Simple political economy models of electoral politics assert that in democracies the poor should soak the rich by demanding progressive income taxes and inheritance taxes on large estates. The case for inheritance taxation is especially strong since (historically) relatively few people leave large estates. In reality, however, there is tremendous variation across both time and space in such taxes. What explains this?
Yale’s Ken Scheve and NYU’s David Stasavage provide an answer in a recent article (pdf ungated) in International Organization (on progressive taxation) and a new working paper (pdf) (on estate taxes) that has interesting implications for current debates on the budget deficit. Both papers look at a long sweep of history (two centuries in the case of estate taxes) across a range of countries (19 in the estate tax paper). They find that mass warfare played a greater role in the development of progressive taxation than did the advent of electoral democracy characterized by universal suffrage.
The argument is not simply that wars are expensive and thus require more financing. Scheve and Stasavage argue (and find strong evidence) that only wars that involve mass mobilization are associated with increased taxation of large fortunes:
Fighting a war in which a large segment of a country’s population is mobilized arguably requires societal consensus in favor of the war effort. This societal consensus will be easier to maintain if there is a sentiment that the burden of the war effort is fairly shared between different social groups. In the case of a mass volunteer army, such as that used by the UK at the outset of World War I, individuals would be more likely to enlist under these conditions. In the case of a conscript army, such as that used by the UK during the latter stages of World War I, individuals or groups would be less likely to protest the implementation of such a system if there is some belief that the war burden is widely shared. There are two specific reasons why a progressive tax on top fortunes (such as an inheritance tax) might be seen as part of equal burden sharing in wartime. The ?first would be if wealthier individuals are less likely to ?fight, either because they have not enlisted or because they have avoided conscription through a deferment, an exemption, or simply because of age. In this case those who might demand that the wealthy bear a disproportionate share of the ?financial burden for a war in order to establish a greater equality of sacrifice. The second possibility would be if wealth holders benefit financially from a war that increases demand for goods produced by companies in which they hold investments. This could further strengthen demands for having wealth holders bear a disproportionate share of the ?financial burden for a war. Taken together, this leads to a prediction that wars of mass mobilization will be associated with increased taxation of top fortunes as part of a new social compact. In contrast, this will not be the case of wars fought by small, professional armies.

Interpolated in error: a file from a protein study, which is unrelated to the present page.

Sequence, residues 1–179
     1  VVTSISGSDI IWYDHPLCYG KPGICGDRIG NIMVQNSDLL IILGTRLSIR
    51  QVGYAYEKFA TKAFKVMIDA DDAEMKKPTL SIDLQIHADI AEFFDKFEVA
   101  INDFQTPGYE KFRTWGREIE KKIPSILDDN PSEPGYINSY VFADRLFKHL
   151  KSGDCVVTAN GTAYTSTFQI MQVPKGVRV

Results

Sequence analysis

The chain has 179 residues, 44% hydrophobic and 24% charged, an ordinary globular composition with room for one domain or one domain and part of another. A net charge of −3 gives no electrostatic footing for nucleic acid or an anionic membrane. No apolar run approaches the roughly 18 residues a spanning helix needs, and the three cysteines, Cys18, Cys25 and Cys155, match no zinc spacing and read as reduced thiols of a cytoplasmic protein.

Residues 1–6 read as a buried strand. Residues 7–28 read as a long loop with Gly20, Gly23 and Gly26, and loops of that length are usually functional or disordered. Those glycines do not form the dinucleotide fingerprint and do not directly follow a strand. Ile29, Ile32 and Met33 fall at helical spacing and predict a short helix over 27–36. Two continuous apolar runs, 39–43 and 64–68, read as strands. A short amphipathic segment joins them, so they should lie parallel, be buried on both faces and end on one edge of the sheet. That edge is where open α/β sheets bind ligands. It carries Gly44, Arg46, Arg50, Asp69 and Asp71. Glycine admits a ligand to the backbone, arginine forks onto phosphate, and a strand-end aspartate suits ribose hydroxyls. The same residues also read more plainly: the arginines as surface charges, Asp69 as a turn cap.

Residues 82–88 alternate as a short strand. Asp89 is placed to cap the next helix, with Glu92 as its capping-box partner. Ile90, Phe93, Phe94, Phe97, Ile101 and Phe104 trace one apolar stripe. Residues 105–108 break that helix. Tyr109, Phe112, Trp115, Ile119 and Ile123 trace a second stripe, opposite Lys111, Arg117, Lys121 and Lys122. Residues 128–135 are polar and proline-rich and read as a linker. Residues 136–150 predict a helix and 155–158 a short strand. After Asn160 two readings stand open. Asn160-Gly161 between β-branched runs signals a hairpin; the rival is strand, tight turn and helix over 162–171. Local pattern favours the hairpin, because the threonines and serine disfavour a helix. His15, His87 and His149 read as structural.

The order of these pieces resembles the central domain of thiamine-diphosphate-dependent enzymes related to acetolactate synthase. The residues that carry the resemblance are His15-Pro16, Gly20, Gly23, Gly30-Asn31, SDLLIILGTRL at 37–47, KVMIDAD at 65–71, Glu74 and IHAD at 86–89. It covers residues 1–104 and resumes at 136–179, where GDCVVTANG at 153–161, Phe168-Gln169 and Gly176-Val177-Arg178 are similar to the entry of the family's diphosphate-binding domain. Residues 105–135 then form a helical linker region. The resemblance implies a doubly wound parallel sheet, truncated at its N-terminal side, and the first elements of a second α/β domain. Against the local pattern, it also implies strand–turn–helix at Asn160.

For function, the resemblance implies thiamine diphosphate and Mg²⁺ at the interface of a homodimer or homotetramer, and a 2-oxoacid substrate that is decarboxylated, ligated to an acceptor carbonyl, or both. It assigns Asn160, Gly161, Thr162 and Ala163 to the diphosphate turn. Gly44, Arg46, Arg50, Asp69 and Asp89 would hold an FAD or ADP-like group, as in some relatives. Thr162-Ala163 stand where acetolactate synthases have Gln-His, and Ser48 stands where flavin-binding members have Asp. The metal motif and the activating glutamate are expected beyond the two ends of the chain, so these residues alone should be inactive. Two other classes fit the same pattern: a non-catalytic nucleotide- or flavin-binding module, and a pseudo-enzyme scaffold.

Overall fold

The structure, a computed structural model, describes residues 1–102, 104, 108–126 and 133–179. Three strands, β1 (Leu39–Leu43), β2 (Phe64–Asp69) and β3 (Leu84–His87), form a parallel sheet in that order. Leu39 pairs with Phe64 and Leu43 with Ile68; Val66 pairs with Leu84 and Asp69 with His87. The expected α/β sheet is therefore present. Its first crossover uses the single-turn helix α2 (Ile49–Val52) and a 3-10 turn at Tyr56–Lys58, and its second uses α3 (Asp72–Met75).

They are certainly not the first to make an argument of this sort but the evidence they have amassed in the two papers is much more extensive than anything I have seen. It includes both long-run macro-level evidence as well as individual-level evidence. The findings suggest that cutting estate taxes amidst large budget deficits and wars is not inconsistent with historical patterns. Of course, historical patterns are just that and they do not tell us in any deterministic sense what will or should happen in current debates.